BEFORE THE ARBITRATOR
In the Matter of the Arbitration of a Dispute Between
ONEIDA COUNTY COURTHOUSE
LOCAL ASSOCIATION NUMBER 158,
Mr. Mark R. Hollinger, Attorney at Law, Katarincic &
Hollinger, LLC, 205 East Wisconsin Avenue, Suite 330, Milwaukee, WI 53202, appearing
on behalf of the Union.
Mr. Carey L. Jackson, Labor Relations and Employee Services
Director, Oneida County, Oneida County Courthouse, P.O. Box 400, Rhinelander, WI
54501-0400, appearing on behalf of the County.
The Union and the Employer named above are parties to a 1998-2000 collective
agreement that provides for final and binding arbitration of certain disputes. The parties
requested the Wisconsin Employment Relations Commission to appoint the undersigned as
arbitrator to resolve the grievance involving a position held by Bernie Wanty. A hearing was
August 14, 2001, in Rhinelander, Wisconsin, at which time the parties were given the
present their evidence and arguments. The parties completed filing briefs by October 22,
The parties did not stipulate to the framing of the issue. The issue is:
Did the County upgrade or reclassify the position of Bernie
Wanty? Should Wanty have been
placed on the wage scale at grade 7, year 1 or year 2?
Bernie Wanty was hired in 1997 as an Assistant Maintenance Technician. The job
general maintenance and custodial duties. The County also has a position called Maintenance
Technician, held by James Keso. Wanty was doing more of the technical work, such as
maintenance, electrical work and construction. In August of 2000, Wanty talked to his
Curt Krouze, about the work he was doing which was beyond his duties as Assistant
Technician. Krouze agreed with Wanty that if he was doing the work, he should be
Krouze was Wanty's supervisor for about two and a half years. When Krouze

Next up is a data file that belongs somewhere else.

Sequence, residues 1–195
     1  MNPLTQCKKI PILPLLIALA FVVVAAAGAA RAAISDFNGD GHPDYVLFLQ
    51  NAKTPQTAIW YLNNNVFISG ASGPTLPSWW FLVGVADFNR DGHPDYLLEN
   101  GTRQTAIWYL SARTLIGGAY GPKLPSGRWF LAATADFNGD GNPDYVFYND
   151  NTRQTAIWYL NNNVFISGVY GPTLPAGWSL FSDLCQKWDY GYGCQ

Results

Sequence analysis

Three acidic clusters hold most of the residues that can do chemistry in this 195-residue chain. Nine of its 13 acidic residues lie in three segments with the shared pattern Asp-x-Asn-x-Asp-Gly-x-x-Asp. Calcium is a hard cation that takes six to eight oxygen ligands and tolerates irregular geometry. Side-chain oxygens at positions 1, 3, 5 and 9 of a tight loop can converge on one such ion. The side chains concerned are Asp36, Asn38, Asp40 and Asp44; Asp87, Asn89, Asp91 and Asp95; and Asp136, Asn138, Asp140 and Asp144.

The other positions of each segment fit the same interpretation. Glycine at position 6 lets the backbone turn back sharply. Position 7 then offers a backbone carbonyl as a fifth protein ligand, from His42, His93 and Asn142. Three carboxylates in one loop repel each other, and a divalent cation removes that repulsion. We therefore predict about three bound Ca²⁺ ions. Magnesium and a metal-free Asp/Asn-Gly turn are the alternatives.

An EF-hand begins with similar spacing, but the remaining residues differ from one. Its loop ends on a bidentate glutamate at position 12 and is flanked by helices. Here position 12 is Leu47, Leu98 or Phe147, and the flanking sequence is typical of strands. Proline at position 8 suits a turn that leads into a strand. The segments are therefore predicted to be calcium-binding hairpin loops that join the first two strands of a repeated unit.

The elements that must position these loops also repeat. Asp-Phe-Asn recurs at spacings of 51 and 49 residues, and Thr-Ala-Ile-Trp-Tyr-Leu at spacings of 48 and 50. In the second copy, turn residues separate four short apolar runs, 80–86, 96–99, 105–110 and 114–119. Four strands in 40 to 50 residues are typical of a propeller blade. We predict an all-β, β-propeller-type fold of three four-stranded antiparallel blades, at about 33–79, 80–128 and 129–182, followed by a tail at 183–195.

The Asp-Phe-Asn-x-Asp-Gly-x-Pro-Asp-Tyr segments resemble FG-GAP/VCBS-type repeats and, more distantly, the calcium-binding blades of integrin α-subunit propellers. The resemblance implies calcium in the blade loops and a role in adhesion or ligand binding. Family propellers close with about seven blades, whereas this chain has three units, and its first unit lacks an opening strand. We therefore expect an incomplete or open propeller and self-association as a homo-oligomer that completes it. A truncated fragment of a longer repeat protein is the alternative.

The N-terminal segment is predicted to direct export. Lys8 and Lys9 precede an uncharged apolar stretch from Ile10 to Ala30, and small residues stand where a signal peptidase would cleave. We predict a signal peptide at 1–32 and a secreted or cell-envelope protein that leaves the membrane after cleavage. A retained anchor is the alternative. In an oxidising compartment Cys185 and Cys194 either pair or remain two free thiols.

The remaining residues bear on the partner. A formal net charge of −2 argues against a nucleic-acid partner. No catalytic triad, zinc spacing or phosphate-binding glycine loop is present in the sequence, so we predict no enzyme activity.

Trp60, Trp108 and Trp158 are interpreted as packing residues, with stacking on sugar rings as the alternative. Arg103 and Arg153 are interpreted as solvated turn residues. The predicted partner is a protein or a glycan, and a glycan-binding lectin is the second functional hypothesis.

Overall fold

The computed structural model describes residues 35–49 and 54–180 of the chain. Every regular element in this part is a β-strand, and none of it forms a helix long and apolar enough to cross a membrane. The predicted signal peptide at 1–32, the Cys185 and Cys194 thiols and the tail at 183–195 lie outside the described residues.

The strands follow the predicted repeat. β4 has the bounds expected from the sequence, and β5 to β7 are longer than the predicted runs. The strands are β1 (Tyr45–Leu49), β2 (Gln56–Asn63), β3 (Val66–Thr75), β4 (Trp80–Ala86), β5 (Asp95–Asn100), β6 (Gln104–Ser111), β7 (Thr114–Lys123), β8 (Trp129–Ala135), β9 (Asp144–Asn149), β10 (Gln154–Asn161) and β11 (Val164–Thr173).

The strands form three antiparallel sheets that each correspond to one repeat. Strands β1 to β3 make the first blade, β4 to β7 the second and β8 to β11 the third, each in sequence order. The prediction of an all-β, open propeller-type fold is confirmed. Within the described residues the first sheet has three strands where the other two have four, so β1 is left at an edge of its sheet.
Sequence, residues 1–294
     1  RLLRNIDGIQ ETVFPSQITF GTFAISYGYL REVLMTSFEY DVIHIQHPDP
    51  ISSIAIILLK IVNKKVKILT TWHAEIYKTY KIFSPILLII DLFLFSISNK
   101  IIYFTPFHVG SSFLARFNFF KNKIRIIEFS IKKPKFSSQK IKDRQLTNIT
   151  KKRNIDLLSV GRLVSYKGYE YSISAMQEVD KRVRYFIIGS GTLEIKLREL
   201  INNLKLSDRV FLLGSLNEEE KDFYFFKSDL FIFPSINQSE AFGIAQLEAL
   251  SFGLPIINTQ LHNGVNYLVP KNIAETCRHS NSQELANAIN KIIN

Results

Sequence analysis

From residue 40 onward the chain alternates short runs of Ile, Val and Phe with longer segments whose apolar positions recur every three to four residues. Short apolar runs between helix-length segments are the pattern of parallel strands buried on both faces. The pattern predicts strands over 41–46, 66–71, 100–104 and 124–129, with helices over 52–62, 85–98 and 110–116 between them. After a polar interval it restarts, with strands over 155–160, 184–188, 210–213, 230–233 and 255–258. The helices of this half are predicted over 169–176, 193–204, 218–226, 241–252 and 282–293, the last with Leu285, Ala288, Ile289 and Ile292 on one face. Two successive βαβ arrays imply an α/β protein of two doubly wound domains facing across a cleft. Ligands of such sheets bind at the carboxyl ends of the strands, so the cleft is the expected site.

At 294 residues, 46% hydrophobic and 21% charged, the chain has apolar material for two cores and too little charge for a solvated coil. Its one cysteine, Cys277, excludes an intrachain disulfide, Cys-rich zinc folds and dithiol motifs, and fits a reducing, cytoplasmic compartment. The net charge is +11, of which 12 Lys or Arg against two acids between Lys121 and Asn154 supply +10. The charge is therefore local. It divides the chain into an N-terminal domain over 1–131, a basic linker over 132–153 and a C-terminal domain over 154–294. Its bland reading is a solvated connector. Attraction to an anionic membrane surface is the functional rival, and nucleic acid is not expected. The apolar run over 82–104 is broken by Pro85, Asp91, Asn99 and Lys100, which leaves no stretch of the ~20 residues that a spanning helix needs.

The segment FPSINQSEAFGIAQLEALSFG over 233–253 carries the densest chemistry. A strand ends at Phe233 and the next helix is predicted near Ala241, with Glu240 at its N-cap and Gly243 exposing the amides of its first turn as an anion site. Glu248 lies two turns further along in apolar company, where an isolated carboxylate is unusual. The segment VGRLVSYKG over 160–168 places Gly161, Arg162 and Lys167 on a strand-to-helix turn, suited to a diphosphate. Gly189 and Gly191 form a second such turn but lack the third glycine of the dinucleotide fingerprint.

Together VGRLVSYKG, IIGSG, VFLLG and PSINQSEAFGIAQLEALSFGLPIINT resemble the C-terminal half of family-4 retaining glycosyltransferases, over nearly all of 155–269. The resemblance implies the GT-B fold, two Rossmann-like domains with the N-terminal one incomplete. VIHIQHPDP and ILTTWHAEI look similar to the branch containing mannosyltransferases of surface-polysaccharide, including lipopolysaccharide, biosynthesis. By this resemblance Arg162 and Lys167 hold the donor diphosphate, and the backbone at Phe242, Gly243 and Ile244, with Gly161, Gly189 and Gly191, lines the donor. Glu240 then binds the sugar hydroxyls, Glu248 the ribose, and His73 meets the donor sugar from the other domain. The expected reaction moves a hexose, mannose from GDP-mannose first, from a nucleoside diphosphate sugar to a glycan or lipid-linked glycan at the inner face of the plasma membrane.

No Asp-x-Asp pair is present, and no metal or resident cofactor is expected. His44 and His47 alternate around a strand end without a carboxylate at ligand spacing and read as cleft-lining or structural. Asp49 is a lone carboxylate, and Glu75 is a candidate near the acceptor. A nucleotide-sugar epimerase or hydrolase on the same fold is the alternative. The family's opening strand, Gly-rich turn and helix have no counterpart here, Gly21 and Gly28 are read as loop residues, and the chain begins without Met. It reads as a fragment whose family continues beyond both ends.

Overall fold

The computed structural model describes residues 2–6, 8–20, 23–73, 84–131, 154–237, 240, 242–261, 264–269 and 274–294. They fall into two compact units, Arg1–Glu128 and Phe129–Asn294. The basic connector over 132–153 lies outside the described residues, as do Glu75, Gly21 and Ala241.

that Wanty was handling higher level tasks, he went to the Building and Grounds Committee
discussed the matter of Wanty's position and his work. Krouze learned that the Maintenance
Technician was giving Wanty the tasks that Krouze was assigning to him. Wanty was
handle the majority of the higher level functions. Keso was handling the majority of the
the Assistant Maintenance Technician due to a medical condition and a lack of training.
getting close to retirement, and he declined an offer from Krouze for the training for the
tasks. The Building and Grounds Committee met with the Personnel Committee, and they
upgrading Wanty's job to a Maintenance Technician while down grading Keso's job to an
Maintenance Technician. The Building and Grounds Committee passed the matter on to the
Personnel Committee with the recommendation that those jobs be upgraded and downgraded
On January 23, 2001, the Personnel Committee approved upgrading Wanty's position
Maintenance Technician position and down grading Keso's position to an Assistant
Wanty did not use the contractual process to seek a reclassification, and was
Krouze initiated the change in his position. Wanty did not file a grievance over his
placement on the
Krouze thought that after the upgrade, Wanty should be placed at year 1 because it
promotion. Krouze did not want Wanty to be placed at the probation rate, because Wanty
performing those duties for nearly a year. Krouze and Personnel Director Carey Jackson
the appropriate placement for a wage rate and agreed on the placement. Krouze considered
a promotion process, but did not want to use that process because Wanty would have had to
the probationary wage rate or hire rate.
The contract language in Article 6 regarding reclassifications and upgrades came into
parties' agreement in a consent arbitration award in 1995, and the language has not changed.
Association filed a grievance over the implementation of the language, and in May of 1996,
parties reached a letter of agreement to settle the grievance. The letter of agreement states
employees who are reclassified or promoted are placed into the wage schedule, but it does
Lisa Charbarneau has been the Administrative Assistant to the Personnel Director for
eight years. She testified that in 1996, Income Maintenance Workers asked for a